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Hangman's Cross




Instructions (continued)

19. Now, we're going to build the base for the upright post. Since it wouldn't look right to have a hangman's cross in my front yard all year round, I wanted to create something that would make it easy to install and take down from year to year. I figured that I could build a wooden box and cement that into the ground. Then, I can insert the post into the box and bolt it in place when needed.
 
20. Cross base.Using four 10" x 24" x 3/4" pieces of scrap plywood, I created the in-ground base.
 
21. I screwed the pieces together using 2" wood screws. And, I placed each piece of wood 3 5/8" apart. This will give you about 1/4" extra space inside to accommodate for the wood expanding and contracting. The last thing you want is the wood base grabbing hold of your upright post and not letting go.
 
22. 2x4 support.Before sealing the wooden base completely, I placed a 4" 2x4 near the bottom. I did this prevent the upright post from sitting in a pool of water should it ever rain while it is installed. Again, this was done to help reduce the chance of it swelling.
 
23. Lid for the base.I also created a lid for the in-ground base using some scrap wood. I've got white landscaping rocks where I installed the base and I wanted a way to cover it up and not fill it up with the rocks.
 
24. Now, it's time to dig. You'll need to dig a hole about 24" deep and 15"-18" wide. This was probably the least enjoyable part of the project.
 
25. Once that is complete, place your wooden base into the hole. Make sure you place the end with the 2x4 at the bottom.
 
26. Fence post level.Using a fence post level and a scrap piece of 4x4 (or you can substitute two 2x4s) and some 2x4s, I made sure the base was level and that the upright post would be straight when I installed it. I screwed the 2x4s into the 4x4, then once the 4x4 was level I made sure that the 2x4s were secured at the other ends so that they wouldn't move. I picked up the fence post level at Home Depot for $4.
 
27. Mix up your concrete per the instructions on the bag, then slowly pour it into the hole. Use a garden trowel or small shovel.
 
28. Check Point - Check to ensure the 4x4 is level from time to time as you are filling the hole with concrete. If it is not, stop and adjust the 4x4 to make sure it stays level. Then, continue filling the hole with concrete. Leave some room (about 1.5" to 2") so you can sink a lag bolt through the base into the upright.
 
29. Post in concrete.Again, follow the instructions on the bag for curing the concrete. Also, make sure not to completely cover the wooden base with concrete.
 
30. While the concrete is curing, you can add some rope details to the upright and cross beam. I used one 50' piece of rope for the center knot and two 25' pieces for the ends of the cross beam. Here's what I did, but please feel free to create whatever pattern you think best. There are plenty of examples on the internet.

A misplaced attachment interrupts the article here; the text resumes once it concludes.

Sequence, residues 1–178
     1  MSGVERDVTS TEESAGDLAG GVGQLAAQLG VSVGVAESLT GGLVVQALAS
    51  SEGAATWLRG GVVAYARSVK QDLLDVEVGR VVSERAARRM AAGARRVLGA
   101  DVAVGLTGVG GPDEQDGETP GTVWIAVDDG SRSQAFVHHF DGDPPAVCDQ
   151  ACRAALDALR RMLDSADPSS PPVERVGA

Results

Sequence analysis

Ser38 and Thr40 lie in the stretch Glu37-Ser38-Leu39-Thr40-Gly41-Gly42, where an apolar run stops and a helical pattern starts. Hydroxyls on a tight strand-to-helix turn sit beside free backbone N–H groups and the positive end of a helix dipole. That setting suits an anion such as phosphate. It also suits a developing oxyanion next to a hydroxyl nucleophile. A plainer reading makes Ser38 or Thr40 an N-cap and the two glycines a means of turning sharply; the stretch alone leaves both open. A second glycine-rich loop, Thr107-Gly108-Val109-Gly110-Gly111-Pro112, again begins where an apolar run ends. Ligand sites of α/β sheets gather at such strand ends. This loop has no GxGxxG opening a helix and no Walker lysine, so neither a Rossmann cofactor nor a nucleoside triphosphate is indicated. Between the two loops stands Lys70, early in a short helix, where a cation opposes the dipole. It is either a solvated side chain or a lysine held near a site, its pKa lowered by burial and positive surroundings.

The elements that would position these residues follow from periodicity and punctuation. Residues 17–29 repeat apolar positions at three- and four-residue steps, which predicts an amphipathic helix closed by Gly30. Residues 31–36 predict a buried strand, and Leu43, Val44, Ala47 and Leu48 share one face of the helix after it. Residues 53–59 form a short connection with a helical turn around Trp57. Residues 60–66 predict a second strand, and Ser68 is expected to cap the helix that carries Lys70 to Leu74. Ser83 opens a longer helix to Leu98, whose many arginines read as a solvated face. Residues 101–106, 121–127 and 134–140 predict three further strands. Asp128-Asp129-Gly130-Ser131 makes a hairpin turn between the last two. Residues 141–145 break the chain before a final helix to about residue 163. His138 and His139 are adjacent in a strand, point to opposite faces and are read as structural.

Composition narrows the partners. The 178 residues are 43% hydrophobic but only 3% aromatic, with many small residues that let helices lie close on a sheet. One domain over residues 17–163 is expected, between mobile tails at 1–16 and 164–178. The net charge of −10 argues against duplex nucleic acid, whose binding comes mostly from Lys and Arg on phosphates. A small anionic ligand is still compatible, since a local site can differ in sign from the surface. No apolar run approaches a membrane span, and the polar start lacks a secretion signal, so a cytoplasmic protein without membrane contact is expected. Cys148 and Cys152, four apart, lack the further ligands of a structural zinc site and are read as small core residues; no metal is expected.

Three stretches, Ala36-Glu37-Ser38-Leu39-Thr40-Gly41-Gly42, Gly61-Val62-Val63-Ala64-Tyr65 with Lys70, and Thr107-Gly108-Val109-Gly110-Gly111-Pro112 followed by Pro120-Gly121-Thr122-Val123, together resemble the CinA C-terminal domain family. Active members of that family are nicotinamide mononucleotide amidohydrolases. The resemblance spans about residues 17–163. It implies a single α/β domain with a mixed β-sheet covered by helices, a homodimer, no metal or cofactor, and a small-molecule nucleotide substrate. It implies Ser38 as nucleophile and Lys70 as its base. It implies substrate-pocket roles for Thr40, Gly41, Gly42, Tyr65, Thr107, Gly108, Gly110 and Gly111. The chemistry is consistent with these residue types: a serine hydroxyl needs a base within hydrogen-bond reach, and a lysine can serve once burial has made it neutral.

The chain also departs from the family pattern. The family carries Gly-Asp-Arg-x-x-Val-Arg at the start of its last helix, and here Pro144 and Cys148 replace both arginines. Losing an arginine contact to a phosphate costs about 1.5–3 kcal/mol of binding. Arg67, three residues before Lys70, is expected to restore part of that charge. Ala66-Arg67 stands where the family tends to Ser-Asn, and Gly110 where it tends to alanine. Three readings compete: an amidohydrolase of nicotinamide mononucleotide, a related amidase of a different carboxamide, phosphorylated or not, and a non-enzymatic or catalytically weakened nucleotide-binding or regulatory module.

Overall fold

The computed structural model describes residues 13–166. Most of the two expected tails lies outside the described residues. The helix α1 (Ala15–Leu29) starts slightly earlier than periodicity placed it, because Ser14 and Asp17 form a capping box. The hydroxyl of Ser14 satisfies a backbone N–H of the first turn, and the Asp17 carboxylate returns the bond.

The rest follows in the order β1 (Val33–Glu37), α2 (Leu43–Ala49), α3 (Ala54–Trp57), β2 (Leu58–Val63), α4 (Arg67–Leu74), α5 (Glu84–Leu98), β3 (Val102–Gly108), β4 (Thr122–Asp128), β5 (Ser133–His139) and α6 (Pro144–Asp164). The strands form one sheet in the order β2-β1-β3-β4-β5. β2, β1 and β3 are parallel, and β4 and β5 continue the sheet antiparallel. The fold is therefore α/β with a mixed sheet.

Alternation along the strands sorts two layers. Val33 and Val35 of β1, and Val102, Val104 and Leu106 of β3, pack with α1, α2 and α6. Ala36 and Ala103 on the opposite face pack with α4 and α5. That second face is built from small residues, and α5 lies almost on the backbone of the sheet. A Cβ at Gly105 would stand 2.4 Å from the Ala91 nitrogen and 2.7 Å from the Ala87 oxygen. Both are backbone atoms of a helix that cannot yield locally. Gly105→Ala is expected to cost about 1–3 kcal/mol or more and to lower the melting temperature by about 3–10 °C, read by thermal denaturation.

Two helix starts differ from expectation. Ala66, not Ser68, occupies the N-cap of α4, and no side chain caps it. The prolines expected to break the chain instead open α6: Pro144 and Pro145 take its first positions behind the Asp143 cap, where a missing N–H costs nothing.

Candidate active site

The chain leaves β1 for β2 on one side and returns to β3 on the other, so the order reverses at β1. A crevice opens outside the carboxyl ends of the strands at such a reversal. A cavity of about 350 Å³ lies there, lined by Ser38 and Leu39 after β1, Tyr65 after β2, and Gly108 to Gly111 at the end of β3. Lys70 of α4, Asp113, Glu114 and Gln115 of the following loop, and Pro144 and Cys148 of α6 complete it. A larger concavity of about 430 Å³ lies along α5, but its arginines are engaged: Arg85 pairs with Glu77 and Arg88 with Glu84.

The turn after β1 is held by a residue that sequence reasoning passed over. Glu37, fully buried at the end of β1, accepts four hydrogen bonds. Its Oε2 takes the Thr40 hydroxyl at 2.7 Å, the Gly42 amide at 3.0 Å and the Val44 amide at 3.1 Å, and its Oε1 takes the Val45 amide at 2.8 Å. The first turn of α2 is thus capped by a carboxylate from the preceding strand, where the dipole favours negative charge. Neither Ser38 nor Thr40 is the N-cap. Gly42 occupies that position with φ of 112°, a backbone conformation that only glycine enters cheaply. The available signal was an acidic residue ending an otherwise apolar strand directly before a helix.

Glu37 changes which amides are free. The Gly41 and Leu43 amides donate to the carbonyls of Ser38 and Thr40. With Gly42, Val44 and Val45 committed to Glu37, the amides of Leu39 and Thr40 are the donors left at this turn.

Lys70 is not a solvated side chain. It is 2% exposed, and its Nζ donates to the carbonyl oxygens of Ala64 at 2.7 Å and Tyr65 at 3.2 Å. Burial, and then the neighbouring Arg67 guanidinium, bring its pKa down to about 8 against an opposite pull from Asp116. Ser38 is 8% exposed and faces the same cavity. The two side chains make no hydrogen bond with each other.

Center Knot 2. Cross beam knot. Center Knot 3.
 
31. Once you've created your knots and your concrete has cured, you are ready to install the hangman's cross and decorate it.
 
32. After I inserted the upright into the base, I used wood shims to make sure it was level. I then drilled two 3/16" pilot holes and then used two 1/4" x 3" lag bolts to secure the upright to the wood base.
 
Check out our online store for project materials.
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Life-Size Peg Leg Pirate
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Skeleton In Cage (Large)
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33. Finished Hangman's Cross.I used some jute netting to cover up my white landscaping rocks and to give the area a bit more of a cargo dock/pirate feel.
 
34. Above is a pict. I took midway through decorating. Included in the pict. are the following items, but feel free to mix and match anything from the store you feel is best for your particular needs:
 
35. I also used some wooden crates and boxes I'd received and saved over the years to populate the area bit more.
 
36. Lastly, I used a 3-light solar LED spotlight kit. You can pick them up at any hardware store for about $30. It did a great job of lighting the display since I don't have easy access to electricity on that side of my yard. I used the crates and boxes to hide the spotlights. And, this kit came with a remote solar panel, so I was able to keep that in a spot that got a lot of sunlight during the day.
 
37. Well, that's it. I hope you enjoyed this Halloween do-it-yourself project. Please let us know what you think at projects@skeletonfoundry.com.
 

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